This supplement could be better than a new iPhone
Technological innovation is about creating tools to make it easier for us to perform tasks. And there’s an endless list of such tools that we could name, starting with the hammers, chisels, and arrowheads that made it easier for the planet’s earliest human inhabitants to build homes and hunt for food.
Today, when we talk technological innovation, the conversation typically revolves around electronic devices such as PCs, tablets and mobile phones. In fact, Apple recently repeated its now-familiar act of setting the entire tech industry abuzz with the release of its latest must-have gadget, the iPhone 5.
As amazing as this new iPhone may be, there’s one fact about it that appears to be rather obvious, yet rarely is acknowledged. The iPhone 5—and all those that proceeded— would be nothing more than a sleekly designed paperweight without the large ecosystem of apps (more than 300,000 at last count) that allow people to actually do things on the device.
Some of these apps are mere time wasters, but a lot of them really make a user’s life easier. Regardless of where they fall on usefulness scale, all of the apps have one thing in common: they were built to operate on the iPhone, and to peacefully co-exist with other apps sharing the same space.
That, in essence, is systems integration, taking applications developed by separate parties and allowing them to work together in ways that create value for users. In the mobile computing world, users can use apps that turn cell phones into full-fledged tools for communications, productivity and entertainment. Many users find these devices invaluable.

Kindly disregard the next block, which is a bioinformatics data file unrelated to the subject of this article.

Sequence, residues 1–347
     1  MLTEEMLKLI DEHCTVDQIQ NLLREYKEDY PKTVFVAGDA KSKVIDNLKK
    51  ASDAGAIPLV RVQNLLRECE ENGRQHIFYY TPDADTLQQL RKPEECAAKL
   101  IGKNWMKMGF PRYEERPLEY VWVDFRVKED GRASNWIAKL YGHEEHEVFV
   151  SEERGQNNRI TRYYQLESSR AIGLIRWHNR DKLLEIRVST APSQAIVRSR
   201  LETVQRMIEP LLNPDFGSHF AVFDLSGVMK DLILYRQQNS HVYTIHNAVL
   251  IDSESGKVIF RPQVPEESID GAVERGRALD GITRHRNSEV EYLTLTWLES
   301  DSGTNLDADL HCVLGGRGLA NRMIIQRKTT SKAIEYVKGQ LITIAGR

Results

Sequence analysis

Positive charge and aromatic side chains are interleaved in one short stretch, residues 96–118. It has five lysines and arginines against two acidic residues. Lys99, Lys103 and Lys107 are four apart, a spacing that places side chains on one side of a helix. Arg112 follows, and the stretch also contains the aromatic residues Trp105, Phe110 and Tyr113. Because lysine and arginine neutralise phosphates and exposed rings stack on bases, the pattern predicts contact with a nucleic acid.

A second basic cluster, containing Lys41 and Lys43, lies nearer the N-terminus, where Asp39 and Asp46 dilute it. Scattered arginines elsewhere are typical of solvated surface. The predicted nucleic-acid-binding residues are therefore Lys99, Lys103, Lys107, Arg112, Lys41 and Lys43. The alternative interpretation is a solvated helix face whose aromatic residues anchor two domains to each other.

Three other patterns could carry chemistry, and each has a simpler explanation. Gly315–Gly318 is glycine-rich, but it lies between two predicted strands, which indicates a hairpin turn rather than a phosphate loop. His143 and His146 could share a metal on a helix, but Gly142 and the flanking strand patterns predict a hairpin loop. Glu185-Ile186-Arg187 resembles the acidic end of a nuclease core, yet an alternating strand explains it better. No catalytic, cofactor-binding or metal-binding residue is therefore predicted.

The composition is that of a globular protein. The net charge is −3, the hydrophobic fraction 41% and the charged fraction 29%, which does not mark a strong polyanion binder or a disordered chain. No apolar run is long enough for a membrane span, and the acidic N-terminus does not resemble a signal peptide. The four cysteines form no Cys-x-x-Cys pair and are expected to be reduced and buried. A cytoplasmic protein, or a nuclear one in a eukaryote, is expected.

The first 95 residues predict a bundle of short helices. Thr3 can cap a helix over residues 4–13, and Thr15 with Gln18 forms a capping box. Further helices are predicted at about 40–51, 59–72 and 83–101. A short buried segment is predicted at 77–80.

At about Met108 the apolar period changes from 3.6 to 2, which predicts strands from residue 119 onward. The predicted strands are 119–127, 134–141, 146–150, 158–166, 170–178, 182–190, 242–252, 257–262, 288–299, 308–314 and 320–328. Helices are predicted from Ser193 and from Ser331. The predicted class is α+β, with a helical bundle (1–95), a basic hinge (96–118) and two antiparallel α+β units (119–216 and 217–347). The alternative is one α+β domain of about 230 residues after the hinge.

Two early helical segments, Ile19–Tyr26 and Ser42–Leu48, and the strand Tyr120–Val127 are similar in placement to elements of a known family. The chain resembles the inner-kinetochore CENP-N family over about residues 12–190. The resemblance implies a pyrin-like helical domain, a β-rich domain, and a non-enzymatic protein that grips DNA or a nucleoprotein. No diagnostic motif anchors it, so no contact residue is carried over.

Unlocking true value
This special supplement to Control Engineering and Plant Engineering provides insight into how systems integration unlocks the true value of energy management systems.
While it’s nowhere near as large that of mobile apps, the ecosystem of energy management solutions is growing daily.
In reading this supplement, you’ll also learn that integrating systems is the only way to get full value from energy management solutions. You’ll also see that the potential value from such integration can be quite large, provided the integration is done right.
With that thought in mind, we compiled a series of articles that point out the potential pitfalls related to integrating energy management solutions, and offer tips on how to avoid most of them.
The basic advice in that regard is to adhere to sound IT management practices, the chief one being to determine exactly what your organization wants to accomplish in regard to energy management before setting out to purchase technology.
The nature of manufacturing presents some special energy management integration challenges, starting with the need to link complex equipment built by many different vendors.
The proprietary nature of much manufacturing equipment can make integration extremely difficult, but vendors are responding with new devices that ease the path by translating the different languages and protocols supported by different devices.
There are, however, potential pitfalls involved with deploying these translators as well. If you read the full supplement, you’ll learn about those—as well as several other things we hope you’ll find as invaluable as a new iPhone.
Edited by Control Engineering and Plant Engineering, part of CFE Media, for the October 2012, Industrial Energy Management supplement.